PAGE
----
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Shompole marathon

Posted on 26 Mar 2016 | 0 comments

We were training for the Victoria Falls marathon when we heard about the Shompole Marathon. Despite its name, it is not actually a marathon and that is probably a good thing. To get to Shompole you drop off the escarpment all the way into the bottom of the Rift Valley where you find soda lakes and geysers. As you drop down the meters it gets hot, until you reach the soda lake Magadi and Shompole where temperatures soar into the high 30s in winter.

hahahaha check out what it says on the sign! there is no way anybody can get to 80 on this road with all the potholes!

hahahaha check out what it says on the sign! there is no way anybody can get to 80 on this road with all the potholes!

flamingoes as we reach Magadi

flamingoes as we reach Magadi

we may have left Nairobi without filling up and would have had to turn around if it wasn't for this tiny place that sold diesel per litre...

we may have left Nairobi without filling up and would have had to turn around if it wasn’t for this tiny place that sold diesel per litre…

The Shompole marathon starts at 6AM to give you the first half hour of relative coolness before the sun rises higher and the heat soon gets intense. Running through the soda lake and in the rugged surroundings is tough. The organisers managed to find a beautiful, but hilly route making the hot run even tougher. We picked up half a liter of water every 3-4km and finished each bottle before we reached the next waterstop. We even carried some extra water and were very happy we did, sometimes we picked up an extra bottle to re-fill our own supplies. We must have drunk approximately 6 liters of water and sweated out an even larger amount!

Jon and Jude at the start of the run, still dark

Jon and Jude at the start of the run, still dark

Jon and Jude running through some of the salt flats of Lake Magadi in the Shompole Marathon

Jon and Jude running through some of the salt flats of Lake Magadi in the Shompole Marathon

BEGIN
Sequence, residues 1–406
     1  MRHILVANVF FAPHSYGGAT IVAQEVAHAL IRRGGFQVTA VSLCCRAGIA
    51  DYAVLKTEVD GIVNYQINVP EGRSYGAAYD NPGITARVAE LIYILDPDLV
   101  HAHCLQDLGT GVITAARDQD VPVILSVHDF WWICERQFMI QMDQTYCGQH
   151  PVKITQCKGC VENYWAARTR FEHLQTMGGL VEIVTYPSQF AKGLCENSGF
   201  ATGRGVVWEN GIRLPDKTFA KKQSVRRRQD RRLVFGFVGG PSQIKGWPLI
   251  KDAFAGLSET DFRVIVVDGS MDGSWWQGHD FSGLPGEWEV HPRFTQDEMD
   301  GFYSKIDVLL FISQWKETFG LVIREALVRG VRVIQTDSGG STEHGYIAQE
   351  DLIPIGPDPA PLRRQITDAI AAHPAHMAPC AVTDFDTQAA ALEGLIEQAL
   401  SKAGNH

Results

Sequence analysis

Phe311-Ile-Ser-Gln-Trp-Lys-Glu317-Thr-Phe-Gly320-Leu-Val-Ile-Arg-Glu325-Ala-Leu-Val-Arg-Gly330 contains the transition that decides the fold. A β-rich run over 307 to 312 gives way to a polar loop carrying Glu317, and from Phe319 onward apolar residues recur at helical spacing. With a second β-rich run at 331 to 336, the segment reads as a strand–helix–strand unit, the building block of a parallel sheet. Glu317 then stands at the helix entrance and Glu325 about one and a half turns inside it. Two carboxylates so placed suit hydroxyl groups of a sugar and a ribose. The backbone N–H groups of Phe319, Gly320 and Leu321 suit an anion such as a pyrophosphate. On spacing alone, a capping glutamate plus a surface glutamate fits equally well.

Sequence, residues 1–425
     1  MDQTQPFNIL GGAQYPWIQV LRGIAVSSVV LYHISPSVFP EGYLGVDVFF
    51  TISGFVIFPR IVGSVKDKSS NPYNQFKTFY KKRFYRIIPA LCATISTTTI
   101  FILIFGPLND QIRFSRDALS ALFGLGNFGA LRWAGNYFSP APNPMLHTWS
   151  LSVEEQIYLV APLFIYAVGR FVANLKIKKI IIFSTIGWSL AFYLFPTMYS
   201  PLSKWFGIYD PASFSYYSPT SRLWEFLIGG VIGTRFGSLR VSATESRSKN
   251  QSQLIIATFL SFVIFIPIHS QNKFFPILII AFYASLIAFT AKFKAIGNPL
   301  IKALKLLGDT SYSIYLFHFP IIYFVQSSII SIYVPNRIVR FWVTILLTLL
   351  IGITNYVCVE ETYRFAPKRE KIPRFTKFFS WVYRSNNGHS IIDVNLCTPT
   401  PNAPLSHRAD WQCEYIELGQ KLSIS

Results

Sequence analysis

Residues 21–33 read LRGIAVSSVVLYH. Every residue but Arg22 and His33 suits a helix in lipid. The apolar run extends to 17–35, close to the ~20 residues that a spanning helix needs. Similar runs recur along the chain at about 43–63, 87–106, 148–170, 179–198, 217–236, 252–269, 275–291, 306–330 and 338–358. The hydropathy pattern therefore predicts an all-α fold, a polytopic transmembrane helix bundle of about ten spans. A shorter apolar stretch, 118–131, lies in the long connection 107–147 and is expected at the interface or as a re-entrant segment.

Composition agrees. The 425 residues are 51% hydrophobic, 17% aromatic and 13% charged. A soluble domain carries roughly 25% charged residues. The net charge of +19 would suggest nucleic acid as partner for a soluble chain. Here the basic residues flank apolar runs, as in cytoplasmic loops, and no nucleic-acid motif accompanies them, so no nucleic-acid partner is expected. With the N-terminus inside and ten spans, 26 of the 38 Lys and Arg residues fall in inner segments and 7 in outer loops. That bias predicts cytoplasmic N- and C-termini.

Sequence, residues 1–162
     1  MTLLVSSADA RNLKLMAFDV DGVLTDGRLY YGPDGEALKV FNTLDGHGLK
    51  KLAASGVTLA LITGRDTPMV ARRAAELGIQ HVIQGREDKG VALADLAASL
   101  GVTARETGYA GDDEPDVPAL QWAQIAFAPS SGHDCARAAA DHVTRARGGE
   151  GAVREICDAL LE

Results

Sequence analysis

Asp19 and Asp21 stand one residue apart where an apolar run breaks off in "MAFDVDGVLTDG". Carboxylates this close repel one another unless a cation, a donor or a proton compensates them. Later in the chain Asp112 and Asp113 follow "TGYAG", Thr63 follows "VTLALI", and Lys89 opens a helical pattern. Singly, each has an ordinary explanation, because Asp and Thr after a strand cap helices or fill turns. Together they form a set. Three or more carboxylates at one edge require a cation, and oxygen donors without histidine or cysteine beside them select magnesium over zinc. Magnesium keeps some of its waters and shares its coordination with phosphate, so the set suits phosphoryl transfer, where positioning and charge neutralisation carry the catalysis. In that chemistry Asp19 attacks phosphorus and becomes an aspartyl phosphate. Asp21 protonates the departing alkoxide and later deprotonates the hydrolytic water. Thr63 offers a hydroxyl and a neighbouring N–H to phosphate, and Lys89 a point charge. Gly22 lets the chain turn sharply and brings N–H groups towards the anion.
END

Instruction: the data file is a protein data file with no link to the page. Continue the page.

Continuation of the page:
beautifully dressed Maasai ladies were the course marshalls, making sure we stayed on the right path

beautifully dressed Maasai ladies were the course marshalls, making sure we stayed on the right path

adding more water to our drinking bottles at each water stop (every 4km) for ease of drinking

adding more water to our drinking bottles at each water stop (every 4km) for ease of drinking

on our way to the finish line, the last km were hard as it was really hot by now

on our way to the finish line, the last km were hard as it was really hot by now

We ran the 30km together and really enjoyed the beauty of Lake Magadi, but cursed its many hills. In a little over 3 hours we finished the 30km and Jude was the first female across the line.

we ran together and finished the Shompole marathon together

we ran together and finished together

Jon and Jude with some of the marshalls and other officials at the Shompole marathon

Jon and Jude with some of the marshalls and other officials

stunning vistas of Lake Magadi

stunning vistas of Lake Magadi

the results of all who were crazy enough to run the Shompole 30km...

the results of all who were crazy enough to run the Shompole 30km…

Our driver drove us back to the lodge where we were staying. A beautiful spot next to the Ewaso Nyiro river where huge branches of mature trees hang over the slow moving river, perfect for just sitting in the cool waters, floating downstream in an inner tube or kayaking up and down the shallow waters. We hoped they were right when they said there are no crocs or hippos in this river! Paddling upstream we found loads of monkeys in the trees, vervets, sykes and even some colobus as well as a whole range of water birds. It was a welcome change after the heat of that morning’s run!

the stunning trees of the Ewaso Nyiro river, a welcome sight after the run without any shade

the stunning trees of the Ewaso Nyiro river, a welcome sight after the run without any shade

Jude paddling on the Ewaso Nyiro river with the monkeys playing overhead

Jude paddling on the Ewaso Nyiro river with the monkeys playing overhead

When you stay at the Shompole lodge you can also go for game drives and we were pleasantly surprised with the amount of animals we saw on our drive. We didn’t have time to explore the other side of the river, but enjoyed a morning and afternoon drive , even spotting some new birds for us.

The rest of our time we relaxed and ate, and even found some time to get our books out. That doesn’t happen very often…

On the drive back to Nairobi we decided to stop at Olorgesailie. One of the Leakey family’s first archeological digs. They explored here for many years, finding large numbers of ancient tools and bones. The site is very impressive, but looks a bit deserted now, although apparently every year students still come here to continue the excavations.

Jude at the Olorgesailie archeological dig

Jude at the Olorgesailie archeological dig

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